Maybe I was underestimating how difficult this was. Or maybe I had my heart set on one university that ticked every box, but then eventually realised that was not the case, because there are so many factors to consider. After 4 months of panicking, worrying and a smidge of excitement, I have decided my top 3 universities. Here’s how I did it:
Location: Personally, I wanted something relatively local so I could pop home whenever I needed to. Bearing in mind, local still does mean up to an hour and a half from where I live. This immediately ruled out the majority of universities. Also, I wanted a reputable university that is nationally, and internationally recognised, so many were filtered out almost immediately.
Course Content – For anyone wondering, I am looking to take a Business Management course, specialising in Marketing. As I crumble under pressure, exams are not my preferred choice, so I wanted a 50 / 50 (or better) exam / coursework split. Personally, I am more of a theoretical learner, rather than practical, so all 3 of my choices consider that.
Entry Requirements – These usually finalise whether a university is a consideration or not. In the UK, higher universities have higher entry requirements, as more people tend to apply for these courses. It is best to choose places with a range of entry requirements, so if you do not get the grades, there are plenty of options to fall back on. My choices were Birmingham (AAB), Leicester (ABB) and De Montfort (BBC). As I am targeted at AAB, I have a variety of universities to choose from.
To be honest, the biggest factor in me deciding which universities I preferred were through the open days. I found you really start to compare the little things alongside another. My universal method of deciding on whether to consider a place was the price of beers. Birmingham was £5, Leicester was £2.20 (wow!) and De Montfort have very few bars on site, but the city bars accept student discounts.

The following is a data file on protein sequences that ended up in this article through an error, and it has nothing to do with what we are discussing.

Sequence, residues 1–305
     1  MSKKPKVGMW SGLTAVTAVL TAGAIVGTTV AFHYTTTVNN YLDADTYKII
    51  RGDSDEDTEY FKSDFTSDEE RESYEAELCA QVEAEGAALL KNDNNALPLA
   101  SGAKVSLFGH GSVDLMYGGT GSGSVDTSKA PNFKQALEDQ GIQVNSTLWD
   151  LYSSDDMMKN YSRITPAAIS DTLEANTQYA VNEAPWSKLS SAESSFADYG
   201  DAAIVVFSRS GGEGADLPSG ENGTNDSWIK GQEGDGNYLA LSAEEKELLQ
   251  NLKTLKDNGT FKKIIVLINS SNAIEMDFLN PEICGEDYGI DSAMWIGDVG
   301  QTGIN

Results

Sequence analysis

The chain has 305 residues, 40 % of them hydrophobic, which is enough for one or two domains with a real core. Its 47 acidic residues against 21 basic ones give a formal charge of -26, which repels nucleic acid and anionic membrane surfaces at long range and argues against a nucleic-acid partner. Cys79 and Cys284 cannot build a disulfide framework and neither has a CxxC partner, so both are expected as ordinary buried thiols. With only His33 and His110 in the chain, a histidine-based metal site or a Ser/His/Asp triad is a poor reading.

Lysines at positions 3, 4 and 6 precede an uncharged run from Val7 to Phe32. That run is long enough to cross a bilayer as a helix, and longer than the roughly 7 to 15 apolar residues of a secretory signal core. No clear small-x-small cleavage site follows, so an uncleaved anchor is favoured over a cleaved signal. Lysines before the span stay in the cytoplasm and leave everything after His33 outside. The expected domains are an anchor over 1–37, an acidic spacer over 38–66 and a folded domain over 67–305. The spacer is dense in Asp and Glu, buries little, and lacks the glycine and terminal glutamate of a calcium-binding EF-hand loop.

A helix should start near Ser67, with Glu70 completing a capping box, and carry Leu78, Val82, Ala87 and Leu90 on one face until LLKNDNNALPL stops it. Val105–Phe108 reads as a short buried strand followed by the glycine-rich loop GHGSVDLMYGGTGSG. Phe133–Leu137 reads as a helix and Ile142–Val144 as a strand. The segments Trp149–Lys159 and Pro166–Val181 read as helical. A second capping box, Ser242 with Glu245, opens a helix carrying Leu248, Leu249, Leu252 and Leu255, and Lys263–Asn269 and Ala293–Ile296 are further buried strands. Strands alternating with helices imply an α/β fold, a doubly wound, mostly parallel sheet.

From the open day itself, I changed my first option from Birmingham to Leicester. Everyone, I found were much nicer, had so much more enthusiasm and it near enough to exactly what I had in mind. It is a 25 minute train ride home, versus over an hour, and the alcohol and accommodation is very cheap in comparison. Plus, it is just as beautiful!
Even though my choice was relatively easy after attending the open day, whether it was easy, or difficult, there’s always something in the back of your mind questioning you on whether you are making the right decision. Even now, when I have done the research, work experience and on track to get the right grades, I am still not 100% sure if this is what I want to do for the rest of my life. But the real question is, will I ever be sure? (If anyone knows the answer please let me know).
The only advice I can follow at the moment is my own: DO NOT PANIC. There are always options, regardless of what you may think. Even if you may not get into the university of your choice, every university will change your life, and make you grow as a person. However, uni is not the only route, there is college, apprenticeships and full time employment, which will teach you so many skills too! Sorry if I am rambling, just needed to get some emotions off my chest.